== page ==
The two greatest skills that I developed at Holy Cross are the same ones that I utilize today on a daily basis. The first is the ability to manage people. Aside from handling a legislative portfolio for the Congresswoman, I also have the wonderful opportunity to manage our internship program. Understanding the weakness and strengths of people and knowing how to utilize them to the benefit of an organization is something that took quite a bit of trial and error during my time at Holy Cross. The second skill is perhaps more common: the ability to multitask and take on different projects at the same time. For a very long time, I was the type of person that always took more than they could handle simply because I wanted to do it all. Learning to understand your capacity as a leader and how to effectively manage multiple projects early on has truly helped me balance my innate feeling of wanting to take on a lot and doing a good job at it.

What advice do you have for students on campus interested in the Communications / PR field?

I think students always fall short of pursuing their passions and, more often than not, pursue what makes them feel secure and not what challenges them. My advice for students is to try to escape the fear of judgement.

Pursue what makes you grow. There are passions out there that you may discover along the way, passions that you never knew you had. And that might not only impact your life in a positive way, but the lives of those around you as well.

I Was a Political Science Major, Now I am a First Year Associate

October 11th, 2017 by eklamm

Meet Jonathan Casseus ’14, First Year Associate at Skadden, Arps, Slate, Meagher & Flom LLP in Boston.

In one sentence, what does your job entail?

My job essentially is that I am a lawyer in a big law firm conducting litigation for large companies on a variety of issues ranging from class actions to securities litigation.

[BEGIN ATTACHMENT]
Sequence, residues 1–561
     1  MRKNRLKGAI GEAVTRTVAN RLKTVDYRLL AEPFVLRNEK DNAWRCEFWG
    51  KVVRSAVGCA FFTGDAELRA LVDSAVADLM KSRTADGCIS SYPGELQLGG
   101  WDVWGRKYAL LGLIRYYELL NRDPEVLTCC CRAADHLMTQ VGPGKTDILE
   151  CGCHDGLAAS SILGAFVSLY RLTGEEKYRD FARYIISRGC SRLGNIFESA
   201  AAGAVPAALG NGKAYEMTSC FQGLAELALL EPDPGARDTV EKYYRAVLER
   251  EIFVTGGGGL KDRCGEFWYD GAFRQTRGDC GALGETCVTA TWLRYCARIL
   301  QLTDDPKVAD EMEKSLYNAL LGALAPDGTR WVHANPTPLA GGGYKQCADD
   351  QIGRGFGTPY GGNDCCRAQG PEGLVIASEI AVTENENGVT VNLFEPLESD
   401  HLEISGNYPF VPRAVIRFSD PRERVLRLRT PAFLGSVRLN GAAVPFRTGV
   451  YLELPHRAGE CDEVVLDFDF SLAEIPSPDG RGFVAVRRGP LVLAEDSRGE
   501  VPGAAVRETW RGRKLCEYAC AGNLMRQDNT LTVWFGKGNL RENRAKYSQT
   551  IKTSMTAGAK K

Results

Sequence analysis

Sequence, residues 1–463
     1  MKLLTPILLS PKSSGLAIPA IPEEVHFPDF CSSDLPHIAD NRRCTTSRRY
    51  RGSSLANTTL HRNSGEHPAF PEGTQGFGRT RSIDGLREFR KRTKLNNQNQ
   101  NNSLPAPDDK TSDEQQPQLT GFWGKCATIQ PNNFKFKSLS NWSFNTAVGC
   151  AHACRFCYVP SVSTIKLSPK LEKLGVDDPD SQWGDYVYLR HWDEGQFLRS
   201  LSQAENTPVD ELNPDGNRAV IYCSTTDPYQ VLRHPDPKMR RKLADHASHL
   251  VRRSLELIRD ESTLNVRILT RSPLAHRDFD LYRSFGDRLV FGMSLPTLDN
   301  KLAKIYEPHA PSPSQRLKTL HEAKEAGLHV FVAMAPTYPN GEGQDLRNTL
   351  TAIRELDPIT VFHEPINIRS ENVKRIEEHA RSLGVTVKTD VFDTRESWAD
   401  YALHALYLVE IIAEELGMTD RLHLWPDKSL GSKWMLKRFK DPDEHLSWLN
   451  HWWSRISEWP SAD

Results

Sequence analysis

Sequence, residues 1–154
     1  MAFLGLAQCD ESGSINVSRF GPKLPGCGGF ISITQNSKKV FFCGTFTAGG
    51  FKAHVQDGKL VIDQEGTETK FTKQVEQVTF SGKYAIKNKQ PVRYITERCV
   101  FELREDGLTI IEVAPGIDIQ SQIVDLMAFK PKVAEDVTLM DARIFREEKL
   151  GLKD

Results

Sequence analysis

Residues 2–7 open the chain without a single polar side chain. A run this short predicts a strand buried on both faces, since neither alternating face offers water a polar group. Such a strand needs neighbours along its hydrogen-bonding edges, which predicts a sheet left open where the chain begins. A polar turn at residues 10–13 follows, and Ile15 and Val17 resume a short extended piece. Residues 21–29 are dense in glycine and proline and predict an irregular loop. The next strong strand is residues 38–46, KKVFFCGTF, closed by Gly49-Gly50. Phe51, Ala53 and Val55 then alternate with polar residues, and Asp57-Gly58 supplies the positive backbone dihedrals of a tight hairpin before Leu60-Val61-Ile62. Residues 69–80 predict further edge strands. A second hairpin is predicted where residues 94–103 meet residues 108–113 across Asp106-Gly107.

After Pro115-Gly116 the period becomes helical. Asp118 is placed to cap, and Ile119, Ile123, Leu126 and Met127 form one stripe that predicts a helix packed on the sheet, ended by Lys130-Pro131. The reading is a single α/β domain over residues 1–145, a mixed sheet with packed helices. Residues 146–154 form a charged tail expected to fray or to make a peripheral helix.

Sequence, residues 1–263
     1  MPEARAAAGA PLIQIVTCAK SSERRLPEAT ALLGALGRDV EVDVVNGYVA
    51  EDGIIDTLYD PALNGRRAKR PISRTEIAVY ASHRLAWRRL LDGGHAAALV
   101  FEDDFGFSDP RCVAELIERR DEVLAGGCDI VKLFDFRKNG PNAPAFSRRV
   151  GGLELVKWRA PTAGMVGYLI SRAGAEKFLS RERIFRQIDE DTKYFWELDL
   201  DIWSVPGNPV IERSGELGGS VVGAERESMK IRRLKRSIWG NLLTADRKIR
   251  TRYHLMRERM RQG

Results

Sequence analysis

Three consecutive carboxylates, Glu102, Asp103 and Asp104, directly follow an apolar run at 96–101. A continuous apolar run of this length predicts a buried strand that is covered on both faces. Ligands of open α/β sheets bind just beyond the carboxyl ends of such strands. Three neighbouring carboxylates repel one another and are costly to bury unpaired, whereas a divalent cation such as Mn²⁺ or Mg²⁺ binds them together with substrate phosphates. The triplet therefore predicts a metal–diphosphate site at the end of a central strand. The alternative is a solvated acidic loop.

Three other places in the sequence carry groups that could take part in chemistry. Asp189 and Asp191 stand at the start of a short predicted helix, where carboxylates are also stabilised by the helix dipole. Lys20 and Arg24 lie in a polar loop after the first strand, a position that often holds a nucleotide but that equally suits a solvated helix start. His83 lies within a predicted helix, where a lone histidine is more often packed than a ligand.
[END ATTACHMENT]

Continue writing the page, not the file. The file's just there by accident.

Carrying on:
What planned and unplanned events connected you to your industry and your first employer after Holy Cross? How did you learn/decide it was a good fit for you?

I always knew that I wanted to go to law school ever since I stepped foot on campus at Holy Cross. I tailored my course selection to prepare me to fulfill that dream. I noticed that the courses matched my passions while at Holy Cross and in law school, I continued to love what I was learning, proving how much of a great fit it was.

What were you involved in when you were on campus?

Sound of St. James All-Male Acapella Group, RA in Mulledy for 2 years, MPE, Peer Mentors, Brother to Brother Committee, WHCH Sports (Broadcaster for Basketball), Intramural Soccer, Co-Chair of BSU in 2013, Treasurer in 2012, and Freshman Apprentice in 2011.

What was your major and how did it affect your career decisions?

Political Science. The courses really helped me understand how the law can shape countries and states, and the writing equipped me with tools that I still use up to this day.

What are one or two skills that you developed at Holy Cross that you use in your work?

I learned how to have a disciplined work ethic to meet various deadlines especially when they all fall around the same time period. All the “hell weeks” prepared me for the times when law school got really tough. Moreover, I learned how to constantly reflect on my journey and my purpose and that has aided me in putting things in perspective and reminds me why I wake up doing what I always wanted to do.